Running Scared

Twenty school children and their six teachers lay dead in Newtown, Connecticut. The nation mourns. Most everywhere our leaders – in government, churches, schools and even sports – respond to the single burning question: What must we do to keep our children safe – and might that include some sort, any sort, of gun safety measures?

In South Carolina, our state’s political leaders are silent.

And why? After a week of waiting and thinking about this, the only rational explanation seems to be that they are so afraid of the all-powerful gun lobby that they refuse to speak out or to act.

This is rank political cowardice, plain and simple.

A week ago we were all shocked and stunned by the shooting at Sandy Hook Elementary School. For the first few days, we as a country were numbed by the tragedy. President Obama met with the families, experts offered their advice about how to deal with the tragedy and most of all we prayed. We prayed for the victims and their families and we offered special prayers of thanks that our own children were safe.

And then leaders began to lead. President Obama launched a national initiative to review gun and safety laws to determine what should be done, with a promise of national action and legislation when Congress returns in January. All over the country governors, legislators and mayors (including Joe Riley of Charleston and Keith Summey of North Charleston) did something – whatever they could. All were responding to the same question posed above: What must we do to keep our children safe – and might that include some sort, any sort, of gun safety measures?

Everywhere state political leaders have responded to this question. Except in South Carolina, where a review of our state leaders’ official websites turns up no evidence of any public statements addressing this fundamental issue. None.

  • Gov. Nikki Haley – Seven days after the killings and only in response to a specific request by Gov. Dan Malloy of Connecticut, did she issues a four sentence statement supporting the observance of a national moment of silence. Nothing else.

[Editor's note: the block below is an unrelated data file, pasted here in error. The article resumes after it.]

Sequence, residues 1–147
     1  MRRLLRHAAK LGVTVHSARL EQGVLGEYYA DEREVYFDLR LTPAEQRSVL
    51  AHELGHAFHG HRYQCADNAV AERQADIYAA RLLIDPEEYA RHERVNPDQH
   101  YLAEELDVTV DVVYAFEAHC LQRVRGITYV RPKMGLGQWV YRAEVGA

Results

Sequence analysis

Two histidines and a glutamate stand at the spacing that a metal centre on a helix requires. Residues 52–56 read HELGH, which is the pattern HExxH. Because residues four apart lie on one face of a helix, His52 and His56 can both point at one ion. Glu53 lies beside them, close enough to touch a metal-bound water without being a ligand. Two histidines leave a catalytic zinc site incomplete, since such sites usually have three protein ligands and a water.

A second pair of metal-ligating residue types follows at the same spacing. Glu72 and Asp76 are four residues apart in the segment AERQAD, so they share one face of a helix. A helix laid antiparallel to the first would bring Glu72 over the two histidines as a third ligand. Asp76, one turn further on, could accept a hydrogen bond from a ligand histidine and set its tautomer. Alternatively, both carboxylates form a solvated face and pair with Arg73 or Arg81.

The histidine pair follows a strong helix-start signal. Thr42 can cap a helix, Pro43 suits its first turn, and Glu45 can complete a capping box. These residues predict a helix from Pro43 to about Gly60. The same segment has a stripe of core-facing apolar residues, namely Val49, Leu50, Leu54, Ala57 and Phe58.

• Superintendent of Education Mick Zais – issued a statement expressing sympathy but again, nothing else.
  • Lt. Gov. Glenn McConnell – nothing.
  • Attorney General Alan Wilson – nothing.
  • All five other constitutional officers – nothing.
  • Speaker Bobby Harrell – nothing.
  • Senate President Pro Tempore John Courson – nothing.
  • Senate Minority Leader Nikki Setzler – nothing.
  • House Majority Leader Bruce Bannister – nothing.
  • House Minority leader Harry Ott – nothing.
  • Potential 2014 statewide candidates – Sen. Vince Sheheen, Sen. Brad Hutto, Sen. Tom Davis, Sen. Larry Grooms – the list goes on and on.

Their silence is deafening.

asault rifleThese politicians routinely issue statements and proclamations on everything from recognizing National Dairy Goat Awareness Week (seriously) to supporting Drink Your Milk Day. But they are all totally silent about these killings and refuse to act when the lives of our children are at stake.

In fact, the most visible response in our state was from Winthrop basketball coach Pat Kelsey, whose sadness and outrage echoed across the county via an internet video and attention from the national news media.

From our state’s political leadership – nothing.